Why Creating and Adhering to Editorial Guidelines Matters

editorial guidelines


When it comes to conveying strong messages that define your brand in the public consciousness and for your target customers and clients, consistency is key. A single brand voice, projecting a clear brand identity, is what makes people seek out your organization when they need the product or service that you provide. It speaks the language of your audience and gives shape to your brand’s persona.    

We often contradict an opinion, while actually it is only the tone with which it was advanced that we find disagreeable. – Friedrich Nietzsche 

Let’s start with brand tone. Take healthcare providers in marketing. There’s a reason why the voiceover or actor in a commercial uses a soft voice and reassuring language. When we’re seeking medical care, we want to know we’ll be cared for by someone who knows what they’re doing. Hearing a comforting message from someone who projects authority evokes those feelings.  

Note that even though medicine is a highly technical and skilled field—so we want to hear from someone with authority—the message focuses not on technical points or statistics, but personal feelings. People make healthcare decisions based on personal experiences, so they’ll ask people they trust for their recommendations, or look up online reviews. 

In contrast, take a technology company that offers identity security and access management for computer networks. Like healthcare, this is also a highly technical and skilled field, but personal feelings don’t factor into the decision for the CIOs and c-suite executives making these purchase decisions. They want to hear authoritative expertise backed up numbers. The IT directors want to hear the technical know-how, and the c-suite executives want to know the cost-benefit analysis and operational efficiency.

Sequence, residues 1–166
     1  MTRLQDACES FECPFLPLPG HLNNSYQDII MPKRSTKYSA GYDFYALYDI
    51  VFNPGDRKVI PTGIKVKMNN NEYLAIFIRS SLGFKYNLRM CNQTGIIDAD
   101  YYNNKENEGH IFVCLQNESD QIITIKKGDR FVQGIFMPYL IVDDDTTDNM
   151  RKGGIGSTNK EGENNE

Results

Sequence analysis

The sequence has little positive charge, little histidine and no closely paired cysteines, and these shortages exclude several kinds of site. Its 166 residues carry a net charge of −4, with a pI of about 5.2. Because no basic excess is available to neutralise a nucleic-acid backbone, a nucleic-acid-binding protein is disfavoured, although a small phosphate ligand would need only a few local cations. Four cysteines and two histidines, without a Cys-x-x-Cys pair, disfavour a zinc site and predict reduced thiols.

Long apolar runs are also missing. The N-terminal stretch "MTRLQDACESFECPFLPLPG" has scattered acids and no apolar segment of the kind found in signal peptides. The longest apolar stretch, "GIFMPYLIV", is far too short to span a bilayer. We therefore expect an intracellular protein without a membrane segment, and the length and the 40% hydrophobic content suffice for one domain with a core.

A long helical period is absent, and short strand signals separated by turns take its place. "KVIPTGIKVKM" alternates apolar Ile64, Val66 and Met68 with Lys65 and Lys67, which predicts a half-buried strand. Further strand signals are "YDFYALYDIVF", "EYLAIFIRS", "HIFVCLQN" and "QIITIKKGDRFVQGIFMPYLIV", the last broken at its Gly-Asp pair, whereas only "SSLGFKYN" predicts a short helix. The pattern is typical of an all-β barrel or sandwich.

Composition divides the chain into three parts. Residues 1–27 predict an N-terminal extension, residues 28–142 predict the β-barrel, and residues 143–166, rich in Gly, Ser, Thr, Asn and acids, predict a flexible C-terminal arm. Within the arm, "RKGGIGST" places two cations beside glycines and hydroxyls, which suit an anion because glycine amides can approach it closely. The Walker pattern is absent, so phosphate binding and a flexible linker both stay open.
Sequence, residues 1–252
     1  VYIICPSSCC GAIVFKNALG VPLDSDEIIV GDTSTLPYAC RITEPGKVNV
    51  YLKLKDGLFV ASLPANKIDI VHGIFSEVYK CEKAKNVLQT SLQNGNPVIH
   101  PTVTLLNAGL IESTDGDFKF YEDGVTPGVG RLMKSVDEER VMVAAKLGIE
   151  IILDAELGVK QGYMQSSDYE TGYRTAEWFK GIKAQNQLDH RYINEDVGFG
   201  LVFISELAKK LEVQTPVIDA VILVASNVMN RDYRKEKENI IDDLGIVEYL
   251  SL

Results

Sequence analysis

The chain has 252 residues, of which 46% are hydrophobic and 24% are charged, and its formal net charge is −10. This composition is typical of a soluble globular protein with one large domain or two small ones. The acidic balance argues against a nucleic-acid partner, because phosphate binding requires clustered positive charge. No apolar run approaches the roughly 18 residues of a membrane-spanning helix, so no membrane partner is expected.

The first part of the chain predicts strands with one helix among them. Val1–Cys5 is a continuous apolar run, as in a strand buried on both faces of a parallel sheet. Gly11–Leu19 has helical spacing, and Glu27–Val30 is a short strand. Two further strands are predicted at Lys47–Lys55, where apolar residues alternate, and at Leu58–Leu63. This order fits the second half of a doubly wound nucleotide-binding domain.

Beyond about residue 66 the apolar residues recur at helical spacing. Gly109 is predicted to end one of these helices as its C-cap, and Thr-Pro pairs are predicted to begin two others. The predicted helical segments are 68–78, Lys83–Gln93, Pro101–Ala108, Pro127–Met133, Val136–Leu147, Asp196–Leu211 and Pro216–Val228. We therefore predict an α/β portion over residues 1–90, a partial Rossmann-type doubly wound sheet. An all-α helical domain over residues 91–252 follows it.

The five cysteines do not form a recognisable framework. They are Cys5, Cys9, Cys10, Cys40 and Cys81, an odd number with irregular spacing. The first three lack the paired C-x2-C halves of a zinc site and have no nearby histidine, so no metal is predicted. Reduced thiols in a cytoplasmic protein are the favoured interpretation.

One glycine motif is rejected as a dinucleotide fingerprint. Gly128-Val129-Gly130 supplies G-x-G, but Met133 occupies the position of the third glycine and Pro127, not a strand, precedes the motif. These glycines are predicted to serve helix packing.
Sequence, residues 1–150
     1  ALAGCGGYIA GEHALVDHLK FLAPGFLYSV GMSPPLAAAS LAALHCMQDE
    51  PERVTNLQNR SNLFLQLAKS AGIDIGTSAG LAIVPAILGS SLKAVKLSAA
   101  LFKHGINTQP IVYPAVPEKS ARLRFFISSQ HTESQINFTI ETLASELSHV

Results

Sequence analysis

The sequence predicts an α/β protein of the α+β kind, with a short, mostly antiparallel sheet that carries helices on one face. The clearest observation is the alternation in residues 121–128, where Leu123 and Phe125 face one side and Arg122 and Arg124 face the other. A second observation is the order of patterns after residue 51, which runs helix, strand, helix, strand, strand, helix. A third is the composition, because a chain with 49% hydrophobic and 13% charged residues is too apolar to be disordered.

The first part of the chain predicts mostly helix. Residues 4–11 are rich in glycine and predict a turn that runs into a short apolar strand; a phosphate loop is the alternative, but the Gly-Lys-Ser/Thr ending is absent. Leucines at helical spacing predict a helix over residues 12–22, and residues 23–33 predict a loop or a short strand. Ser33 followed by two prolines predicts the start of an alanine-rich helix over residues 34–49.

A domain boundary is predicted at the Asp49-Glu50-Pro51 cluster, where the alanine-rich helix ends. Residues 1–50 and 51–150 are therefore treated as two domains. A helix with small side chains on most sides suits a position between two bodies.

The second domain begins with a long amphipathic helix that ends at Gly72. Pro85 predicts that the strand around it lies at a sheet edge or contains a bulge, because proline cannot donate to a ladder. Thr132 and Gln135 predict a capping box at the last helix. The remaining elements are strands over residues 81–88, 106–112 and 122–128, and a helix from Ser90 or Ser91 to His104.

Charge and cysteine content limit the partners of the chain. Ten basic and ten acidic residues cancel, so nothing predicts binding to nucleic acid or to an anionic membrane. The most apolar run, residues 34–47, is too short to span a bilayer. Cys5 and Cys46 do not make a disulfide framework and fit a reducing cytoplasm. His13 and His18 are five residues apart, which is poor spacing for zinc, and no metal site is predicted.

Two industries that we rely on for technical expertise and skill, sold with two different messaging and tonal strategies that focus on what the target audience wants to hear. Successful brands create or hire a firm to create editorial guidelines that require first and foremost the brand voice, followed by style, formatting, as well as punctuation, and heading styles. 

This is how you achieve customer recognition. This happens when someone asks for a Band-Aid instead of an adhesive bandage. Or, when someone tells you to “Google” something, instead of telling you to do an online search. These people may have never used your product or service before but they know you provide it. And through a clear brand voice, you’ve built credibility, trust, and eventually loyalty. 

If you’re trying to persuade people to do something, or buy something, it seems to me you should use their language, the language they use every day, the language in which they think. – David Ogilvy 

Tone matters. Clarity matters just as much. Clear language speaks to authority and authenticity. You want to choose the words that speak to your audience, the kind of language they use every day, so that your brand projects that authority and authenticity. 

If the target audience for your content is the press or general public, you probably want to use the Associated Press (AP) Stylebook, which stresses brevity and clarity. Targeting computer technology and engineering fields may call for using the Institute of Electrical and Electronics Engineers (IEEE) style. Social science publications use the Chicago Manual of Style, and so on.  

These guides provide useful baselines for formatting and grammar that you can adapt for your specific audience needs. Maybe your organization wants to call customers something like “community members,” or there are words you want to specifically avoid because of negative connotations. Then you can address tone and voice, whether playful or serious. 

Length should also be addressed in your guidelines. If your ideal buyer is detail-oriented and thorough, like a medical professional or technology manager, your content should probably lean towards comprehensive resources. If you’re trying to capture the attention of a busy person who’s quickly searching for an easy solution, then shorter, lively content is probably better suited for your purposes.   

Language is the blood of the soul into which thoughts run and out of which they grow. ‒ Oliver Wendell Holmes 

At Inspire Agency, we work to understand your brand’s story and goals, so we can uncover your soul and give your brand a unique personality. Once we know that soul, we can find your voice and apply it to marketing and content strategies that project your identity, personality and authority to gain recognition in the marketplace.  

Editorial guidelines development is one of the earliest actions we take for our clients. We don’t apply generic ideas but do the work to uncover what’s right for your brand. Contact us to learn about how we can help tailor a voice that makes your brand sing. 

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